• he requested a copy of the trust account statement – a document that was beyond his control; and

  • the documents that are required by section 801.02(7)(c) but which he failed to submit before May 2 were of no consequence.

Judge Blanchard began his opinion for a three-judge panel by noting that section 893.735(3) states that a certiorari action “is commenced at the time that the prisoner files a petition seeking a writ of certiorari with a court.”

Blanchard acknowledged that that subsection’s use of the word “files” could appear to mean that a writ petition is submitted for purposes of section 893.735(2) when a circuit court clerk stamps the petition as “filed.”

But he explained that under Wisconsin Court of Appeals caselaw, filing for purposes of section 893.735(3) occurs when a prisoner has put all the documents required for a writ petition in the prison mailbox.

Blanchard explained that the 45-day limit is tolled when: 1) a prisoner puts all the required documents in a prison mailbox; and 2) he or she has requested all the required documents that he or she has no control over.

Judge Blanchard pointed out that Mitchell conceded that: 1) he had control over all the required documents before the 45-day period ran out on May 2; and 2) he didn’t submit the last of the required documents until May 10.

Failure Not Inconsequential

Mitchell argued that his failure to submit all the required documents by May 2 was inconsequential because the two DOJ documents about the administrative process that he submitted before May 2 proved that he had exhausted all his administrative remedies.

But that fact was immaterial, Blanchard reasoned, because the relevant statute was unambiguous.

“Section 801.02(7)(c) uses expansive, unqualified language that on its face represents a legislative determination that a submission must timely include all such documents, not only those proving exhaustion-in-fact,” Judge Blanchard wrote.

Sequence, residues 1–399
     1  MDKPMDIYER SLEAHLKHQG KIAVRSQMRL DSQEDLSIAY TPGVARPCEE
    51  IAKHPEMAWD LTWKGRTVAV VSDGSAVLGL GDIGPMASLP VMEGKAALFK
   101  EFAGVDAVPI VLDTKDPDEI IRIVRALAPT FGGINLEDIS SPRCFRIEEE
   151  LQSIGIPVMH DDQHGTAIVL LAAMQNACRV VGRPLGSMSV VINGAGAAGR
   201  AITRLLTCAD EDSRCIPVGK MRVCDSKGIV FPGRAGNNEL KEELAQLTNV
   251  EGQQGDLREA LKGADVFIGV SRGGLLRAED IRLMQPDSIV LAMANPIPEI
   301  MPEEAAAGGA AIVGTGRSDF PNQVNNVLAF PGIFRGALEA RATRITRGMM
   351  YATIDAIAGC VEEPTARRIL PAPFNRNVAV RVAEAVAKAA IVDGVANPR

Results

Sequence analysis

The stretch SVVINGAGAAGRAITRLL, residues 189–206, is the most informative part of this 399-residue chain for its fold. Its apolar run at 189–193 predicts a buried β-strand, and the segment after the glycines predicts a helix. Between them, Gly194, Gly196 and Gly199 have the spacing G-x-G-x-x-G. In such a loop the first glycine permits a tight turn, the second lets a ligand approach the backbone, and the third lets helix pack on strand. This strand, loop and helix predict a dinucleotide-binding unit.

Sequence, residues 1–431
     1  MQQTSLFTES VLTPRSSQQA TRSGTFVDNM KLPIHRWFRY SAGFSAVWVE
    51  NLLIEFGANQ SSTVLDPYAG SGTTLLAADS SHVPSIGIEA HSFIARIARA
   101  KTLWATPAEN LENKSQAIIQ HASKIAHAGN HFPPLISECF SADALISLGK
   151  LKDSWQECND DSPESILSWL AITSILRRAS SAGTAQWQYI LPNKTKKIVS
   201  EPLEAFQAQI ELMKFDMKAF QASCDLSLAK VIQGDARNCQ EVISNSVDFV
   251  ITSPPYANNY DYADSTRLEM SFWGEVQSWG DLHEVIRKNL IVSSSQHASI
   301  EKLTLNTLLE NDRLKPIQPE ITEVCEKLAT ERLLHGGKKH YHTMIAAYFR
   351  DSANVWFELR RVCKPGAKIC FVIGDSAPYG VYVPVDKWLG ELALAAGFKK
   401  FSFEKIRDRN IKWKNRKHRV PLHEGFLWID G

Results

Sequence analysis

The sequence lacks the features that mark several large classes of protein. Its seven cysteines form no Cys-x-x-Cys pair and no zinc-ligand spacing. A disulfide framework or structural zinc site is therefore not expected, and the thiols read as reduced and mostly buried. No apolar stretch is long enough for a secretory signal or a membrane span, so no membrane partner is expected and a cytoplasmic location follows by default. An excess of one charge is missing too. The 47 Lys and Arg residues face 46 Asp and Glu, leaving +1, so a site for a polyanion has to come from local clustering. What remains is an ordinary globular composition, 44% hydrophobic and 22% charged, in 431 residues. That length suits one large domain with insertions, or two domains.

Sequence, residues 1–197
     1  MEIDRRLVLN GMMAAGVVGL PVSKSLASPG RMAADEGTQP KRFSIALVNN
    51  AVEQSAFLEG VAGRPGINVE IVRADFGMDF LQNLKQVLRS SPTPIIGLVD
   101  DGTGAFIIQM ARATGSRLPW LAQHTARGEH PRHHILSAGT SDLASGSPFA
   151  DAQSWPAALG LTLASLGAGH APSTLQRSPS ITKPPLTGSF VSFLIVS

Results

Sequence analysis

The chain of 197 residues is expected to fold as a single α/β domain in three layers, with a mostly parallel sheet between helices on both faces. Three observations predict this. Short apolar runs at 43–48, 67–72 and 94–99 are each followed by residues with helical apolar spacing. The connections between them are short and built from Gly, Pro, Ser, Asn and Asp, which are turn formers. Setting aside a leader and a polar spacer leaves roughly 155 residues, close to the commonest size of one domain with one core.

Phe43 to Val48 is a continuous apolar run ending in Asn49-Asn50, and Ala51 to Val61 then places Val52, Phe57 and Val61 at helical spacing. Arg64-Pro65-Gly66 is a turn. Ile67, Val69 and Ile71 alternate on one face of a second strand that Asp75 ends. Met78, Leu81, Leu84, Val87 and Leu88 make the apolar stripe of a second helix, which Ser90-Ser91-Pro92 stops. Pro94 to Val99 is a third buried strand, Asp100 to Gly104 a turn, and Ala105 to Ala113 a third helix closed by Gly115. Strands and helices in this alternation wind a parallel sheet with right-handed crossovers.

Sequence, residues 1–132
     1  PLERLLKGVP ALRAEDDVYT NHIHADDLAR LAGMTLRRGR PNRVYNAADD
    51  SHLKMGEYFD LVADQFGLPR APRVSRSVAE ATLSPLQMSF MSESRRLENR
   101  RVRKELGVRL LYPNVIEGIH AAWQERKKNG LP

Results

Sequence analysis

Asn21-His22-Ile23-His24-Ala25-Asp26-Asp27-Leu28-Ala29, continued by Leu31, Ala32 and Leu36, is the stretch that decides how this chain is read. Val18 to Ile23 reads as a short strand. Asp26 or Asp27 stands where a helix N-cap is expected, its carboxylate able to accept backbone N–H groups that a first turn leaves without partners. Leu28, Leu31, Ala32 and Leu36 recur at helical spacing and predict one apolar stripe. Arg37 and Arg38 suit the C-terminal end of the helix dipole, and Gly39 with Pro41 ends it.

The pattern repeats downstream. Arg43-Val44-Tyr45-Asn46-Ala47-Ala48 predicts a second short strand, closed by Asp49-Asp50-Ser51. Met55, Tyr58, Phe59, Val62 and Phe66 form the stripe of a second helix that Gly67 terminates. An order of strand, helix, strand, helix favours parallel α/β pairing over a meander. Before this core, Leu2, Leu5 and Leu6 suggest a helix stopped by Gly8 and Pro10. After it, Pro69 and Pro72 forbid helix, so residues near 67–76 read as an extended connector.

Read Statutes in Context

Mitchell argued that under section 801.02(7)(c), a prisoner’s failure to submit the documents required for filing a writ of certiorari obligates a court only to “deny a prisoner’s request to proceed without the pre-payment of fees and costs or if the prisoner has failed to exhaust all available administrative remedies” – not dismissal of the writ petition itself.

Mitchell pointed to section 801.02(7)(d), which specifically authorizes the dismissal of a writ petition if the prisoner seeks a waiver of pre-payment of fees but has pursued three prior dismissed civil cases.

Judge Blanchard reasoned that when viewed in context, the two subsections did not set forth the only adverse consequence for failing to timely submit all the documents required by subsection (c).

The relevant wording from section 801.02(7)(c), Blanchard wrote, “must be understood in the context of the combined meaning of Wis. Stat. sections 893.735(2)-(3) and 801.02(7)(c), which we have explained is that, in order to ‘commence’ a writ action, a prisoner ‘shall,’ within 45 days of accrual, ‘include, as part of the initial pleading’ ‘all written materials’ involved in the administrative proceedings that the prisoner has to pursue before seeking the writ.”

The Court of Appeals affirmed the circuit court’s order and dismissed Mitchell’s action.